When you create a power of attorney (POA), you have to name someone to be your agent or attorney in fact. The reason for creating your POA is to select the person who will to be in charge of decision-making for you when you cannot make your own choices. This decision of who to name as your agent is of utmost importance.
Parman and Easterday can help you determine who should be your agent when you create a power of attorney. Our dedicated legal team has helped many clients in Oklahoma City, Kansas City, and surrounding areas to make legally valid POAs to provide the protections they need. Let us help you create your power of attorney and select an agent you can trust.
Why It Is Important To Select The Right Agent When You Create a Power of Attorney
It is important to select the right agent because you are giving your agent a tremendous amount of responsibility. If you create a POA for incapacity planning, you give the agent authority to act and make decisions on your behalf. Since your agent can exercise this authority when you are incapacitated, you won’t be able to speak up if the person does not fulfill this role in the way you want.
While there are legal actions that can be taken against an agent who doesn’t properly perform duties under a power of attorney, it is complicated and costly to do so. To avoid the possibility of your family having to take legal action to make sure nothing bad happens to your assets, you want to choose wisely when selecting an agent.
Who Should Be Your Agent When You Create a Power of Attorney?
The American Bar Association (ABA) reports that many people select family members to act as their agent under a power of attorney. Spouses or children are commonly chosen. The only real requirements for someone to become an agent is that they are over 18 and not incapacitated by mental or physical illness. Outside of this, the ABA suggests that: “Integrity, not financial acumen, is often the most important trait of a potential agent.”
Ideally, you can find someone who is both trustworthy and competent in managing your affairs. If you have complicated investments or property that requires hands-on management and for which your agent will have to take responsibility, you need to ensure your agent has the ability to handle them.
The person you have chosen to act as your agent may be feeling grief and forced to assume responsibility under stressful circumstances when you are sick or hurt. You need someone who can take care of assets and make decisions in difficult situations.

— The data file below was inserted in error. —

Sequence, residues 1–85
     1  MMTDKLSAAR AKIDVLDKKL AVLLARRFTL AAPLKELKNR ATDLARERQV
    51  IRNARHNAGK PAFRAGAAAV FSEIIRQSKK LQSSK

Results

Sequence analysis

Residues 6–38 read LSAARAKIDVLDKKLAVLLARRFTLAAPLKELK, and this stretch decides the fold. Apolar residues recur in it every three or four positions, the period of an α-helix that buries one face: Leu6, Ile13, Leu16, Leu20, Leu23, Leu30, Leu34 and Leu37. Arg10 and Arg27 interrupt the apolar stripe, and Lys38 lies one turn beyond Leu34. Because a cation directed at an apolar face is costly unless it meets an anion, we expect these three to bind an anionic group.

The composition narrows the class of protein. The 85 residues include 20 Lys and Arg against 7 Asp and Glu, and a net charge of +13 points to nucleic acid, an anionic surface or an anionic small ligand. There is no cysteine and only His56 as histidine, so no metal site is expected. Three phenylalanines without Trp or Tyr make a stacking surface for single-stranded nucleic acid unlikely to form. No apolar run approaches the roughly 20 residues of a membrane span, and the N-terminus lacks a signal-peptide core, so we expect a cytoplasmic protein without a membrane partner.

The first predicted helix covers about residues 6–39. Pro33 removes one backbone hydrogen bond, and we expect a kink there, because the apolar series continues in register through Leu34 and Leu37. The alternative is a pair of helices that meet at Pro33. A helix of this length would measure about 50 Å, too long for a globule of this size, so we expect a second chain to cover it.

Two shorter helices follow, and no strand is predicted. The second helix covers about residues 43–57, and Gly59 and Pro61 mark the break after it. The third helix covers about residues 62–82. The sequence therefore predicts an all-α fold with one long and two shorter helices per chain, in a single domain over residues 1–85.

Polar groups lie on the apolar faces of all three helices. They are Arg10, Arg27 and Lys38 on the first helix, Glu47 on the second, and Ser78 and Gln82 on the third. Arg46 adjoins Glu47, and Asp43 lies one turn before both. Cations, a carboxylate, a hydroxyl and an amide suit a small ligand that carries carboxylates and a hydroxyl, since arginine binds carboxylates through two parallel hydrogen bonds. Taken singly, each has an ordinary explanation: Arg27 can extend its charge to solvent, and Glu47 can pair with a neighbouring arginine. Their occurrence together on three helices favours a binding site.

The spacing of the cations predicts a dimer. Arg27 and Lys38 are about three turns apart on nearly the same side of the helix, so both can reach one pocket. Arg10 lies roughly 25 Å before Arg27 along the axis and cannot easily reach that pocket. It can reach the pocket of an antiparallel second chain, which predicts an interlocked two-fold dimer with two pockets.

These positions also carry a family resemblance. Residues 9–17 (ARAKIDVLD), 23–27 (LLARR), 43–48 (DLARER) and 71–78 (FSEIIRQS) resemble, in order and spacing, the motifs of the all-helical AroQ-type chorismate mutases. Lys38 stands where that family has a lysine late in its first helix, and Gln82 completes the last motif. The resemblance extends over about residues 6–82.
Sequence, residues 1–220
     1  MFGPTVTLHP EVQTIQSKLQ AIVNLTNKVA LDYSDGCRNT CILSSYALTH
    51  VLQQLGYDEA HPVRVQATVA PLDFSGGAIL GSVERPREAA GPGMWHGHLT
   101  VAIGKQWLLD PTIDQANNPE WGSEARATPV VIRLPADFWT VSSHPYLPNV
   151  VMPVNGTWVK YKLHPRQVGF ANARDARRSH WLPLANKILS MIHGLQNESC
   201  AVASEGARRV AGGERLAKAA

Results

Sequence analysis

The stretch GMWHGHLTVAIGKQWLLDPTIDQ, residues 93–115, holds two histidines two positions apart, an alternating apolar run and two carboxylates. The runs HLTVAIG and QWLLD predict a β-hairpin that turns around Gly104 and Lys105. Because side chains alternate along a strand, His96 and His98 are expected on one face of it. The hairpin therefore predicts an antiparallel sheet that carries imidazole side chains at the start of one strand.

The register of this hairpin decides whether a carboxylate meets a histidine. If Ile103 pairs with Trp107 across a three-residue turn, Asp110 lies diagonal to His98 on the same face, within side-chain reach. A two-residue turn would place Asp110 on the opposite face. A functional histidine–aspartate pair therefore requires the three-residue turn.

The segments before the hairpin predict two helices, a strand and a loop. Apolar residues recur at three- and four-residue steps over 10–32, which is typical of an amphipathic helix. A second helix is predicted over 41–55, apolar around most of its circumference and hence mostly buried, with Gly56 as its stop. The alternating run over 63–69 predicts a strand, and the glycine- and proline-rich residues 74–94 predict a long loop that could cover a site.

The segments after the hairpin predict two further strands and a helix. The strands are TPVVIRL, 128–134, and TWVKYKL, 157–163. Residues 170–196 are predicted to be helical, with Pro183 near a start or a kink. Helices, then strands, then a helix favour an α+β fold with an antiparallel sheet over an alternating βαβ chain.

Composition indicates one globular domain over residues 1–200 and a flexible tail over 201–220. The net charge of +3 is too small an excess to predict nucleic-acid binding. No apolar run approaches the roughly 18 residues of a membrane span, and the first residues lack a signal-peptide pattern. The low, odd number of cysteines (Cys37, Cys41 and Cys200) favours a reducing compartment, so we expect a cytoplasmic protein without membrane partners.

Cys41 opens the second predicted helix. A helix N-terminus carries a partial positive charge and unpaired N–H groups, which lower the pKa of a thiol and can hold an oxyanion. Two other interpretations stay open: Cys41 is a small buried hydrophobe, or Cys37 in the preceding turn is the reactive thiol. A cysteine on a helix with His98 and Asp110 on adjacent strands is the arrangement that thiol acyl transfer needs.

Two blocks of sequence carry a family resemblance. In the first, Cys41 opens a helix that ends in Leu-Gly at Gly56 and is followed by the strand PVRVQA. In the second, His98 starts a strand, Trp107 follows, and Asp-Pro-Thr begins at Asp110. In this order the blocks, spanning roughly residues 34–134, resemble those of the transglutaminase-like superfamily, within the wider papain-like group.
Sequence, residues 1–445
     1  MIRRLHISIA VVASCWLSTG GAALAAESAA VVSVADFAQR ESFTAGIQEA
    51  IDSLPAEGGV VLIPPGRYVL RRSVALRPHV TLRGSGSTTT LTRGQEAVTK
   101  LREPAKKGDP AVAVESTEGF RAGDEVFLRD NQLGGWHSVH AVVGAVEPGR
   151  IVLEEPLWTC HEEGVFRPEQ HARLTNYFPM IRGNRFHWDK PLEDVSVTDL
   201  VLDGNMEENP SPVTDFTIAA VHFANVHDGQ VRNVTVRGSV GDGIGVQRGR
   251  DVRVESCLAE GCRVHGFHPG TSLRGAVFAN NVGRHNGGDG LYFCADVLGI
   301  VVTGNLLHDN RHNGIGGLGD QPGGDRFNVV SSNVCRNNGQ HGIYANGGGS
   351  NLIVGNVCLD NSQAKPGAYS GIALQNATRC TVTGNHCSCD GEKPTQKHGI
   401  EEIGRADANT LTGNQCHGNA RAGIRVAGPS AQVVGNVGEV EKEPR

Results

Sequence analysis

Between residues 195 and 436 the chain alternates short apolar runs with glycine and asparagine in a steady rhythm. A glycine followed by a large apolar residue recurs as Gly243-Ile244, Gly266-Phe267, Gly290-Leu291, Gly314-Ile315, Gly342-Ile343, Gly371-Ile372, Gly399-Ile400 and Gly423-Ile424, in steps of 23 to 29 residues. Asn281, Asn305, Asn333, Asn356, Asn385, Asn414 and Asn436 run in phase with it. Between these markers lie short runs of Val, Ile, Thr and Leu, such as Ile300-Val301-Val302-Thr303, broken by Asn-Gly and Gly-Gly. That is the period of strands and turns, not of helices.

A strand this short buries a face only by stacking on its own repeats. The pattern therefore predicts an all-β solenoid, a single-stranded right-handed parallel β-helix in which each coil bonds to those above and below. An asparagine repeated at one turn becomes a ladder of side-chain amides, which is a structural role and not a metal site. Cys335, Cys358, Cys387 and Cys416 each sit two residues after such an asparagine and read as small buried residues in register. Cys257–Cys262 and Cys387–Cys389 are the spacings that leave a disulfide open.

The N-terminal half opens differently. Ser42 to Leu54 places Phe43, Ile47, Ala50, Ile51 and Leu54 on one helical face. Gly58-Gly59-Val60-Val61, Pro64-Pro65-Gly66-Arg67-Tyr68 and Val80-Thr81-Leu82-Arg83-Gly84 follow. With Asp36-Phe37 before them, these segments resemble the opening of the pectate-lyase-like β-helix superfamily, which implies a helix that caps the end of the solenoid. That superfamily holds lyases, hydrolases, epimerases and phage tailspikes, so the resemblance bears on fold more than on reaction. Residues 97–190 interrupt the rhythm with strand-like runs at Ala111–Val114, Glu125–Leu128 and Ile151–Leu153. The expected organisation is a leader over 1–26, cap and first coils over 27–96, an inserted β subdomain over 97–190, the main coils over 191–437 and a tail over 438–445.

The ABA also indicates that sometimes people name more than one agent when they create a power of attorney. If you take this route, you must be understand that problems can arise if co-agents do not agree. When you designate co-agents, specify whether you prefer the majority of them (or either, if only two) to act, even if there is not unanimous agreement among your co-agents.
Not only should you name your initial agent, but you should also designate a successor agent if the person you have named as your agent becomes unable to care for your assets or make decisions. Naming a successor agent allows you to retain control over who will protect you and your investments if your first choice of agent cannot act.
Getting Legal Help Creating a Power of Attorney
Parman and Easterday will assist you in determining when and how to create a power of attorney and in following all of the requirements to make sure your POA is valid when you need it. As part of the help we offer, we will provide you with advice on selecting your agent so you know you have chosen someone you can count on.
To find out more about how a power of attorney can help protect you and your assets, join us for a free seminar. You can also give us a call today at (405) 703-9987 or (913) 385-9400 or contact us online to speak with a member of our legal team and get the personalized advice you need.
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